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Kabul (AFP) – Gunmen stormed a Sikh temple in the Afghan capital on Saturday, killing at least one member of the community and injuring seven others, the interior ministry said.
Ministry spokesman Abdul Nafi Takor said the attackers threw at least one grenade when they entered the temple, sparking a fire in the complex.
Minutes later, a car bomb exploded in the area but caused no casualties, he added.
“One of our Sikh brothers was killed and seven others (were) injured in the attack,” Takor said in a statement.
Two assailants were killed during an operation to secure the temple after the raid, he said, and a Taliban fighter was also killed.
While the number of bombings across Afghanistan has plummeted since the Taliban seized power in August, several deadly attacks have hit the country in recent months.
“I heard gunshots and explosions,” Gurnam Singh, a Sikh community leader, told AFP near the scene of Saturday’s attack shortly after the raid began.
“Usually at this time of the morning we have several Sikh worshipers coming to offer prayers at the gurdwara (temple complex).”
Footage posted to social media after the attack showed broken pillars and walls in the temple’s main prayer hall, with debris strewn across the floor.
Part of a building near the temple also caught fire, an AFP correspondent reported from the area.
The windows of several residential buildings were shattered by the impact of the car bomb. The surrounding streets were littered with broken glass.
Taliban forces cordoned off the area, preventing journalists from speaking to residents and witnesses.
A Taliban fighter deployed in the area told AFP that some Sikhs present in the temple at the time of the attack managed to escape through a back door.
Some of Kabul’s other Sikh temples were closed for security reasons as news of the attack spread.
No group has yet claimed responsibility for the raid.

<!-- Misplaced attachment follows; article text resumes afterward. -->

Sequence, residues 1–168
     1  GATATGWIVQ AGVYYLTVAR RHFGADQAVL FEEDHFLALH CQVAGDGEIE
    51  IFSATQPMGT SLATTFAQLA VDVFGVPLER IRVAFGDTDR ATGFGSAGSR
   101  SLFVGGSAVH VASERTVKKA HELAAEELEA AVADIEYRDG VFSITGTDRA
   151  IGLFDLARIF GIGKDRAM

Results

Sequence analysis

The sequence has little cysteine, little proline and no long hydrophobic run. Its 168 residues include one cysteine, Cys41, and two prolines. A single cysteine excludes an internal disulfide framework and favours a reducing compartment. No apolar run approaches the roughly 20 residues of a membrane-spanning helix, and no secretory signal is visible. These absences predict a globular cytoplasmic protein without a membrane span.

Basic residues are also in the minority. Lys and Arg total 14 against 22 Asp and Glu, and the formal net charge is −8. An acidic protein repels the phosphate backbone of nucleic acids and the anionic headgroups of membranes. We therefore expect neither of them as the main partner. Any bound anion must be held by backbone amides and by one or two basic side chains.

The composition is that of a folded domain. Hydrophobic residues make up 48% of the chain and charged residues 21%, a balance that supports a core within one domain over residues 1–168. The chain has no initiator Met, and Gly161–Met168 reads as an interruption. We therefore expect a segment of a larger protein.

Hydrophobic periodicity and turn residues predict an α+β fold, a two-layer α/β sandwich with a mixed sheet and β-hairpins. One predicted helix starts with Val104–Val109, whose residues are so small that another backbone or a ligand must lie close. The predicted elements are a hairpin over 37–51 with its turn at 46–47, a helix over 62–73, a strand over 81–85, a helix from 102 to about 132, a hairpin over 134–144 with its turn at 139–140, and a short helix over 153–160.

The attack came days after an Indian delegation visited Kabul to discuss the distribution of India’s humanitarian aid to Afghanistan.
According to Afghan and Indian media, the delegation also discussed with Taliban officials the possibility of reopening the Indian embassy.
New Delhi, which had close ties with the previous US-backed Afghan government, closed its mission in Kabul and evacuated all diplomatic and other personnel when the Taliban took over Afghanistan on August 15.
India’s Foreign Minister S. Jaishankar condemned Saturday’s “cowardly attack” on the temple in a tweet.
The number of Sikhs living in Afghanistan has fallen to around 200, from around half a million in the 1970s.
Most of those who remain are traders involved in the sale of herbal medicines and electronic products imported from India.
The community has faced repeated attacks over the years. At least 25 people were killed in March 2020 when gunmen stormed another Sikh temple in Kabul.
The Islamic State jihadist group claimed responsibility for the attack, which forced many Sikhs to leave the country even before the Taliban returned to power.
IS has a history of targeting Afghan Sikhs, Hindus and other members of minority communities, including Shia Muslims and Sufis.
A series of bomb attacks hit the country during the Muslim holy month of Ramadan, which ended in Afghanistan on April 30, some of them claimed by IS.
IS is a Sunni Islamist group, like the Taliban, but the two are bitter rivals.
The Taliban seek an Afghanistan free of foreign forces, while IS wants an Islamic caliphate stretching from Turkey to Pakistan and beyond.
© 2022 AFP